Doctors intubated Mayah and began the first of about 60 grueling surgeries: reconstructive surgery to fix her right hand, which was nearly torn; skin grafts to cover cut flesh; incisions to remove dead tissue and bullet fragments lodged near his wounds.

In June, her condition improved from critical to fair and she was able to begin rehabilitation. She spent six hours a day working to regain movement in her legs and hands.

At the end of July, she finally left the hospital; dozens of medical staff stood along the hallway, cheering and chanting his name.

It was “incredible and beautiful,” Mr. Stewart said, wiping away tears as he recounted the story. “The first stage of the mission. »

A few weeks after her hospitalization, Mayah showed off her sharp white acrylic nails to her mother and 12-year-old older brother, Zach.

Christina Zamora and her husband, Ruben, had rented a modest furnished one-story house on a quiet street in San Antonio.

But even there, loud noises sometimes terrify Mayah. She wakes up crying from nightmares.

At first, the siblings retreated to their own corners of the house, Zach not sure how to behave around his sister. But recently, they started bickering again. Ms. Zamora yells at them to stop, but secretly appreciates that they’re acting more like they used to.

One thing they almost never talk about is what happened that day at school.

But in February, the parents of Mayah’s classmate, Tess Mata, invited them to celebrate Tess’ 11th birthday. The ceremony was to take place where Tess was, in the cemetery of Uvalde.

The Zamora were hesitant to go there.

It was in Uvalde that they had met when they were teenagers, and it was there that Mrs. Zamora had always intended to raise her family. Now, whenever they were near town and saw a sign for Uvalde, their hearts ached.

They decided to do it this time.

On a hot, sunny day, they joined others gathered around Tess’s grave and released purple balloons into the air. Mayah quietly studied the graves and noticed that there were none for another friend of hers, Maite Rodriguez. She leaned over to Tess’ mother, Veronica Mata. “Where’s Maite?” she asked.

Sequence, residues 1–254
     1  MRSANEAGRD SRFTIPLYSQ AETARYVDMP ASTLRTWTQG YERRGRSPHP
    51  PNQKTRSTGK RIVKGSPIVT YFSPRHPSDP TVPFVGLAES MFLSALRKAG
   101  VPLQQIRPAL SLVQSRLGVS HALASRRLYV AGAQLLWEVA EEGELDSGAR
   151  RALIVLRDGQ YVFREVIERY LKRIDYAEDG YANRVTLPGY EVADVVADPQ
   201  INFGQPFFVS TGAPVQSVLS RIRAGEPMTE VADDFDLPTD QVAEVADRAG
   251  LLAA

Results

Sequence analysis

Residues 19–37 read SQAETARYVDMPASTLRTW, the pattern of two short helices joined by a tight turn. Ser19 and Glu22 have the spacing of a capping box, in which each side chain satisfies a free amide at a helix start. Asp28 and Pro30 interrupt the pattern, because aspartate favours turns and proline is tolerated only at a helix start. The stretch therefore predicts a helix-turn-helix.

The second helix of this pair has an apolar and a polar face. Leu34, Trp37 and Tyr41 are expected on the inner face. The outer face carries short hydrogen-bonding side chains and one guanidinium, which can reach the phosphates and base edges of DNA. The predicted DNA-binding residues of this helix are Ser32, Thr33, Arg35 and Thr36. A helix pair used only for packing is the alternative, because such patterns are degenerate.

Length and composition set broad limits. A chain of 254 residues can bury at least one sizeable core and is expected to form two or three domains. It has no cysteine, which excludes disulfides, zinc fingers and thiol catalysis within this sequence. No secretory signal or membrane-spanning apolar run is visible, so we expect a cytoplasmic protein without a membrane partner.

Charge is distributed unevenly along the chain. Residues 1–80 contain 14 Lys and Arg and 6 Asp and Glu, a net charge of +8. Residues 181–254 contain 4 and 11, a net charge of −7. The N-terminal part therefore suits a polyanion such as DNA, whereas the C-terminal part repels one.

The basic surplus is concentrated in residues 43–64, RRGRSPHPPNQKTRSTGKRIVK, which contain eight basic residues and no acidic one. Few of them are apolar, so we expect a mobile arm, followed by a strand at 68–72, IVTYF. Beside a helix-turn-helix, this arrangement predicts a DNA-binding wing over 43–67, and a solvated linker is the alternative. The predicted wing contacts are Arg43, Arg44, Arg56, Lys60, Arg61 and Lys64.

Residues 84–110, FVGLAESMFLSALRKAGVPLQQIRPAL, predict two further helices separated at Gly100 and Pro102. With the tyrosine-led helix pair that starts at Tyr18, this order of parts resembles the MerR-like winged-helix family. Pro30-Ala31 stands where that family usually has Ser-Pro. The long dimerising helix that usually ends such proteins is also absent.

Veronica Mata explained that the family chose to cremate her. Still puzzled, Mayah asked her mother where Maite’s ashes were. “Sometimes parents want to keep their ashes at home, to be closer to them,” Ms. Zamora whispered.

Mayah nodded and fell silent.

The Oronas had also considered leaving Uvalde, the only place they felt at home. But they decided to stay. At least in Uvalde people would understand what their son had been through.

Noah only spent a week in the hospital. But then there were eight months of rehabilitation. Ms. Diaz-Orona says she sometimes held back tears when he turned to her for help. “Mom, this hurts so much,” he said, pointing to his shoulder. But she gently urged him to continue. “He never gave up,” she said. “He’s our little hero. »

Gradually, Noah regained almost full use of his limbs and began having therapy sessions once a week. They tried to take him to the mall or the cinema, and Noah tried to be more social; then he suddenly withdrew into himself, overwhelmed by the crowd and the loud noises.

At the start of the school year in September, he told his parents that he did not feel safe joining his former classmates in the public school in another part of town where primary school students Robb had been transferred. So they enrolled him in Sacred Heart Catholic School, where he joined a youth basketball team. “He doesn’t score a lot of hoops,” his mother explains. “We just want to see him try to be a normal boy. »

When asked what has been the biggest struggle of the past year, Noah looks down. “The shot,” he said softly. Then he adds, “Psychotherapy. »

At home, Noah feels safest in his room. He plays video games to pass the time. Recently, he sat down at his bedroom desk and carefully sketched a silhouette of Spider-Man, his favorite superhero.

“He’s shy, then becomes a cool superhero,” Noah says softly as he draws.

Lately, Noah has been interested in the future. He would like to become a dental hygienist or a veterinarian.

He struggled to come to terms with what happened in his own way. For months, he avoided going to Uvalde Square, where people flock every day to pay their respects to the victims in front of the murals and the 21 white wooden crosses dedicated to them.

That day at the beginning of the year, when they finally got there, Noah silently watched the images of his friends. He then knelt for several minutes before a cross adorned with flowers and pictures of Ms. Mireles.

Back home, as he was leaving for basketball practice, he made a few throws outside the house towards a hoop his dad had just set up. Ms. Diaz-Orona looked at her watch. They were already 45 minutes late, but she decided not to say anything, watching as her son tossed the ball over the net: once, twice, three times, until it fell into the hoop.